Ireland Spirits


      Whisky is a distillate obtained by fermentation and subsequent distillation of various cereals, aged in wooden casks

      Peat whisky or traditional whisky?

      The debate has been going on since ever and it divides purists, supporters of the authenticity of whisky prepared according to the classic methods, from those who can also appreciate other types of flavors and essences, definitely particular. 

      Scotch peat whisky certainly is, for its intense taste and for that smell of smoke which distinguishes it.

      Peat whisky generally means a type of whisky produced in the Hebridean islands, off the coast of Scotland, where the process of drying malt is done in ovens not fuelled by wood or coal, like in the mainland, but with a particular fuel: peat.

      Scotch Whisky

      Single Malt Scotch Whisky

      Scotch whisky Single Malt, as the name eloquently says, is exclusively produced with malt, 100%, malted barley, through a long and evocative process. The disciplinary is strict, but in some cases not even that strict, there are lights and shadows, even though it is the king of whiskies. Barley, for example, can be cultivated everywhere, only the process of transformation into malt must be done in Scotland.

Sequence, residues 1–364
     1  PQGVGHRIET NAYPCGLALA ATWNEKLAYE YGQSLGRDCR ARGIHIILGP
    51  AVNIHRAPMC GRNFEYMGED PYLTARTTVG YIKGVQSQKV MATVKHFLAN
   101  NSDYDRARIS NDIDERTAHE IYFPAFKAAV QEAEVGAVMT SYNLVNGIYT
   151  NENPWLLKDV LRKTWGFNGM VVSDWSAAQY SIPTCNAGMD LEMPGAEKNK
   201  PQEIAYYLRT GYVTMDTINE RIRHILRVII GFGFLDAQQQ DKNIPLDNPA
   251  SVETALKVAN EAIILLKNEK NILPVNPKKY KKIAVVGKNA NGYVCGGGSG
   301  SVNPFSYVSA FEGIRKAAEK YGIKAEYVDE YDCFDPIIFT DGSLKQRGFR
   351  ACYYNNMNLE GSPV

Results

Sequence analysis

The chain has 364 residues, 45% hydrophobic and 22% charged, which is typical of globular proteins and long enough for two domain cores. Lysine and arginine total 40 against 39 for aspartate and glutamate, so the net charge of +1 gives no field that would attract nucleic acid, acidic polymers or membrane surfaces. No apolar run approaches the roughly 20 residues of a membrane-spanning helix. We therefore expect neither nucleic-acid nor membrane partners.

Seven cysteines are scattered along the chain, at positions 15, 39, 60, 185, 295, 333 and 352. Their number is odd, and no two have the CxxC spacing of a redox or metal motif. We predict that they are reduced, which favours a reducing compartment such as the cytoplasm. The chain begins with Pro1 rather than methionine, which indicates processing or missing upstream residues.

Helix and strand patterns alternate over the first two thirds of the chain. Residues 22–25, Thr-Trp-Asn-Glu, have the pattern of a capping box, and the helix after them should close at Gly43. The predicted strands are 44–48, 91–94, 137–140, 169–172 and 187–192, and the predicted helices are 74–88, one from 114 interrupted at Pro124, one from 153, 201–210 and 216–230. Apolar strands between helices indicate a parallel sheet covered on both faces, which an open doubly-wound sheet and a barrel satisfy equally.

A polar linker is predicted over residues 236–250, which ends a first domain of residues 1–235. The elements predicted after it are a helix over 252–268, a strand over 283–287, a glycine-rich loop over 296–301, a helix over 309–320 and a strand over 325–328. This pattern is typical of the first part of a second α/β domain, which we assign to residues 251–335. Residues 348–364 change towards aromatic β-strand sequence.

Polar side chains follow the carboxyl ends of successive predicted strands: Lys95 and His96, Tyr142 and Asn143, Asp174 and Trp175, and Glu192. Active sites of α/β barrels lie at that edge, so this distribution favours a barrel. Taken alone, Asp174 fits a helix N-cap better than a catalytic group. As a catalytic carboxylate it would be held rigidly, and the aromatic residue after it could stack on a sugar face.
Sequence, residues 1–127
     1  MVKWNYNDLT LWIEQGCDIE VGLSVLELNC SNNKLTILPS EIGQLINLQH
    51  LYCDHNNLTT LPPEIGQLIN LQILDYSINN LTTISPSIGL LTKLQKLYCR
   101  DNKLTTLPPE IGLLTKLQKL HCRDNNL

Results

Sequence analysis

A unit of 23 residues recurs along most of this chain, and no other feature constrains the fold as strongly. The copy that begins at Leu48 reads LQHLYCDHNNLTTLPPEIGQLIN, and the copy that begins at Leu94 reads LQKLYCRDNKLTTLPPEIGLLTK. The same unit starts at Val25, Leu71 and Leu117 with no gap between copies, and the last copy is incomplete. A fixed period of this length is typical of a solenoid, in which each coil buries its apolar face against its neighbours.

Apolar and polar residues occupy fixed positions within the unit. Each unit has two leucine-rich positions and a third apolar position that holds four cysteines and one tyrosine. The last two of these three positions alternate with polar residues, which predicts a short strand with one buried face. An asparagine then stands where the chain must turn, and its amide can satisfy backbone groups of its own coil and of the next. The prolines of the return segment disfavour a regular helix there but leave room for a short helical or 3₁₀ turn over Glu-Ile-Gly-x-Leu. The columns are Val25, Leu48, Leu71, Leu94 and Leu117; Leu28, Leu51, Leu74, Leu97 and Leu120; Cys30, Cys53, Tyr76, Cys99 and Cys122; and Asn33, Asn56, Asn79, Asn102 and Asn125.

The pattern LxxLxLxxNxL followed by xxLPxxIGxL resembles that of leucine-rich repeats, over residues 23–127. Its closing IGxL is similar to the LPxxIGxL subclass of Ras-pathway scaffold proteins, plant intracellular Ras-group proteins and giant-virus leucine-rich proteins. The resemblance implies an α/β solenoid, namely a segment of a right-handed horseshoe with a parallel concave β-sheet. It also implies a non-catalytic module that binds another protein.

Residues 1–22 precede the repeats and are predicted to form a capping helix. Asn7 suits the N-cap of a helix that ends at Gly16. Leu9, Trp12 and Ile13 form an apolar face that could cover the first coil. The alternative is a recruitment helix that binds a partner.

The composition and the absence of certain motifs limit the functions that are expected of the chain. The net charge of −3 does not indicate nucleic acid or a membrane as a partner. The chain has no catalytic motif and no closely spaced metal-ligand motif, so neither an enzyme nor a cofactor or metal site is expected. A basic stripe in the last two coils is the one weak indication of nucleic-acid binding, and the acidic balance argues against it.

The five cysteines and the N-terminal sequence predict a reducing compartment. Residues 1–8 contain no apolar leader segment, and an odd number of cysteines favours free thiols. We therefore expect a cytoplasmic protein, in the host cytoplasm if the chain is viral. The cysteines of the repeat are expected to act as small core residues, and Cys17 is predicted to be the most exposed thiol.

Distillation must be at least double, with some distilleries even going as far as a third distillation. The aging in cask must be of at least 3 years and, as logic wants, in the label is indicated the age of the youngest distillate, because as for brandy, Champagne, Cognac and Armagnac, single malt is (almost) always a blend of single malts of the same "house".

      Aging and bottling must absolutely take place in Scotland. Since 2009 bottling is regulated by a state law. After the base aging, the spirit is aged in ex-bourbon casks and the grand finale in ex-Sherry casks to round out all the thunderous exuberance of the spirit. Flavors range from Islay assault peat to a stroll through a rose garden in pure Speyside style.

      Scotch Blended Malt Whisky

      This is a nice blend, as it comes from a blend of single malts. Actually they are not bad and they are born as very balanced or very peated products such as Big Peat, by giving up the initial purity it is possible to find very interesting solutions. Once they were also called Vatted Malt, but since 2009 this name has been banned.

      Single Grain Scotch Whisky

      To produce these whiskies is used a malt base, to which are added other cereals. Distillation is done in Coffey column stills and the result is a fresher and lighter distillate.

      Blended Scotch whisky

      A blend of 1 Single malt Scotch whisky and 1 Single Grain Scotch whisky. No percentages are specified, however if for vatted whisky we are talking about quality whisky, in this case the concept of blend is twisted in order to create distillates suited for a mass market.